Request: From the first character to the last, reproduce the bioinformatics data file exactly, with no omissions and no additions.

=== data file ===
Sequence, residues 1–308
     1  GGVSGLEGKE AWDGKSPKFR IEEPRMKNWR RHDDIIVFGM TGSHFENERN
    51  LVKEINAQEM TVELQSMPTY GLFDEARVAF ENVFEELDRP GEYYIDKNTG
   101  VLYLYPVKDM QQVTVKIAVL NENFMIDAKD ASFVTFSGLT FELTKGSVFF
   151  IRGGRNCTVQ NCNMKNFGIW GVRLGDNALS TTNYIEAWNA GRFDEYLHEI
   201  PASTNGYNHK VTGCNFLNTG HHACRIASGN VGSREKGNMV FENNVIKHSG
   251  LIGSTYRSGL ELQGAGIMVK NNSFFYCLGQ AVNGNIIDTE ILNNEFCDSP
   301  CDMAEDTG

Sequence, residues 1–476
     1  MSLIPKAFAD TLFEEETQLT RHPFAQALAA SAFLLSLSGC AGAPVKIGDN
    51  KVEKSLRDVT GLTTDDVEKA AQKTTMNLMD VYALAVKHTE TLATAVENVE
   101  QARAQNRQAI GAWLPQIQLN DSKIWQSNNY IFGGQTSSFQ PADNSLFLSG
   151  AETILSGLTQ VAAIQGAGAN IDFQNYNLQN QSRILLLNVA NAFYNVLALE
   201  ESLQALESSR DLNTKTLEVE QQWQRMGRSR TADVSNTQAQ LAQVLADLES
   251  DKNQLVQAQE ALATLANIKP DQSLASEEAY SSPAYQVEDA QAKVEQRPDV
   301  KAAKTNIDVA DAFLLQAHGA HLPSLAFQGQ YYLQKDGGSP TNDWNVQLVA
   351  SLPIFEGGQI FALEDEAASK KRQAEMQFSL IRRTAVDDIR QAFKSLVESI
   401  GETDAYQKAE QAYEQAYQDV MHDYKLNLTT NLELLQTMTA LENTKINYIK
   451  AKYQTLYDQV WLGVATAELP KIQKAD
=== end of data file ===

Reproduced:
Sequence, residues 1–308
     1  GGVSGLEGKE AWDGKSPKFR IEEPRMKNWR RHDDIIVFGM TGSHFENERN
    51  LVKEINAQEM TVELQSMPTY GLFDEARVAF ENVFEELDRP GEYYIDKNTG
   101  VLYLYPVKDM QQVTVKIAVL NENFMIDAKD ASFVTFSGLT FELTKGSVFF
   151  IRGGRNCTVQ NCNMKNFGIW GVRLGDNALS TTNYIEAWNA GRFDEYLHEI
   201  PASTNGYNHK VTGCNFLNTG HHACRIASGN VGSREKGNMV FENNVIKHSG
   251  LIGSTYRSGL ELQGAGIMVK NNSFFYCLGQ AVNGNIIDTE ILNNEFCDSP
   301  CDMAEDTG

Sequence, residues 1–476
     1  MSLIPKAFAD TLFEEETQLT RHPFAQALAA SAFLLSLSGC AGAPVKIGDN
    51  KVEKSLRDVT GLTTDDVEKA AQKTTMNLMD VYALAVKHTE TLATAVENVE
   101  QARAQNRQAI GAWLPQIQLN DSKIWQSNNY IFGGQTSSFQ PADNSLFLSG
   151  AETILSGLTQ VAAIQGAGAN IDFQNYNLQN QSRILLLNVA NAFYNVLALE
   201  ESLQALESSR DLNTKTLEVE QQWQRMGRSR TADVSNTQAQ LAQVLADLES
   251  DKNQLVQAQE ALATLANIKP DQSLASEEAY SSPAYQVEDA QAKVEQRPDV
   301  KAAKTNIDVA DAFLLQAHGA HLPSLAFQGQ YYLQKDGGSP TNDWNVQLVA
   351  SLPIFEGGQI FALEDEAASK KRQAEMQFSL IRRTAVDDIR QAFKSLVESI
   401  GETDAYQKAE QAYEQAYQDV MHDYKLNLTT NLELLQTMTA LENTKINYIK
   451  AKYQTLYDQV WLGVATAELP KIQKAD